The Internet is increasingly becoming more secure for ecommerce and other transactions, according to Google. The Mountain View, California company has added a new section to its HTTPS Report Card in its Transparency Report to prove it. The report shows how the use of the protocol continues to increase over time. In fact, more than half of pages loaded and two-thirds of time spent by Chrome desktop users happen via HTTPS.
Internet users of Chrome on desktop spend a greater amount of time on HTTPS pages than on HTTP pages -- a rate that is increasing across both mobile and desktop.
The use of HTTPS by brands and companies only helps to increase trust among consumers looking for a secure online server to transact ecommerce. The NPD Group's 2016 Holiday Purchase Intentions Survey estimates that 71% of consumers plan to do some of their holiday shopping online this year.
NPD estimates that online shoppers anticipate spending an average of $710 each this holiday season, roughly 60% more than the $440 who plan to just buy in stores.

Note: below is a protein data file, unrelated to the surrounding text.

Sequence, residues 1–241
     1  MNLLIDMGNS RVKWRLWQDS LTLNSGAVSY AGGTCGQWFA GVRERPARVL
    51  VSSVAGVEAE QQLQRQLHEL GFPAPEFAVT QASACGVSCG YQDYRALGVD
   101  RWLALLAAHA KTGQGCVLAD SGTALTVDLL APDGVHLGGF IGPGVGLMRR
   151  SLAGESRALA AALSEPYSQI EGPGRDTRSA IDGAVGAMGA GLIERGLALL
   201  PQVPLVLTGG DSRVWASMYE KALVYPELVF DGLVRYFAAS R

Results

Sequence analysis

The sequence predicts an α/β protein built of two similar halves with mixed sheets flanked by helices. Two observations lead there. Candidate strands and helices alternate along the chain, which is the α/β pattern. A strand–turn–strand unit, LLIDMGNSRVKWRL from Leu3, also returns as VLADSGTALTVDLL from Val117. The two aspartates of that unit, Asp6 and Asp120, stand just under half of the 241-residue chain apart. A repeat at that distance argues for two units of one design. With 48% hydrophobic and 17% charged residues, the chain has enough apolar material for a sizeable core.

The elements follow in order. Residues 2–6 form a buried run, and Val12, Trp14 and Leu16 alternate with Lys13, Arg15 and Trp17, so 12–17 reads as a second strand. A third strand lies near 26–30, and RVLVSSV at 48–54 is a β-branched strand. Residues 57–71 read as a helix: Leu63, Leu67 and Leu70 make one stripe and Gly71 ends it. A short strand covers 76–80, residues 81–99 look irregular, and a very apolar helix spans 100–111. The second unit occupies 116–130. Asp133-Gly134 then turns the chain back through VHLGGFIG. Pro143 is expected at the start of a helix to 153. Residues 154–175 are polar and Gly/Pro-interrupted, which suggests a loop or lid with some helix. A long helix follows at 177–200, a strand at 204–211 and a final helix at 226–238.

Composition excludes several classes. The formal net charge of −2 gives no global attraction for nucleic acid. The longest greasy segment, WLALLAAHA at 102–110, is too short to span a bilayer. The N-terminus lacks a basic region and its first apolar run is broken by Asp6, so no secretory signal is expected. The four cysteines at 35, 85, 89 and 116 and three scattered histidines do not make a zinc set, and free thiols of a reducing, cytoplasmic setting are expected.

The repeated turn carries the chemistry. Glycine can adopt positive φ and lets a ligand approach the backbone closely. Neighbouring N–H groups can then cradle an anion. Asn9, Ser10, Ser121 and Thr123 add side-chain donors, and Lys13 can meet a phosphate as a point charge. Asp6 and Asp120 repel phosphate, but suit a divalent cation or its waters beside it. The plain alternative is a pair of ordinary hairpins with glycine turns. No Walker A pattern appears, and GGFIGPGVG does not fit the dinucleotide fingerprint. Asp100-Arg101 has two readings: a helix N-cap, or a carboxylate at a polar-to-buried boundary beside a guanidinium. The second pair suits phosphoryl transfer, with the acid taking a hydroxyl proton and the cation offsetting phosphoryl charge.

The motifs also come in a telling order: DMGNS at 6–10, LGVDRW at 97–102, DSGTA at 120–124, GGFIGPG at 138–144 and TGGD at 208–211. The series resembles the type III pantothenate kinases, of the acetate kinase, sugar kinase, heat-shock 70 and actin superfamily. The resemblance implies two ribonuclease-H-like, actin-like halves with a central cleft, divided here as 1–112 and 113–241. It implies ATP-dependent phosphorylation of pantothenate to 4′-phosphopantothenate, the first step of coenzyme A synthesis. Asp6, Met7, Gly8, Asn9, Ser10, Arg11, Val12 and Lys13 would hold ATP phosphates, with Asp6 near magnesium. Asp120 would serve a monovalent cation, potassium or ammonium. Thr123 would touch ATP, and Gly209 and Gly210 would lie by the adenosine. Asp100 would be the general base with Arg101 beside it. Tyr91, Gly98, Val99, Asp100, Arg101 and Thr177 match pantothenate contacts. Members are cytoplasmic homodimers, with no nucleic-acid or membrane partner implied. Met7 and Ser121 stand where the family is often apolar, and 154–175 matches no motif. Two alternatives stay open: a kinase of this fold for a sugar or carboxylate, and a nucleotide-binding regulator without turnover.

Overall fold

Google has measured the increase in HTTPS connections since early 2015, with help from Chrome browser users who share statistics. The metrics allow Google to improve user experiences and determine how to improve the interface.
The move to HTTPS increases secure transaction for ecommerce. Adrienne Porter Felt and Emily Schechter from Google's Chrome Security Team write in a blog post that Internet users also benefit from new features such as offline support and Web push notifications, and existing features such as credit card autofill and the HTML5 geolocation API that are too powerful to be used over non-secure HTTP.
It has helped Internet sites and companies such as CNET and Wayfair, respectively. Brian Wood, director of marketing of SEO at Wayfair, a large retail site, managed to migrate Wayfair.com to "HTTPS with no meaningful impact to Google rankings or Google organic search traffic.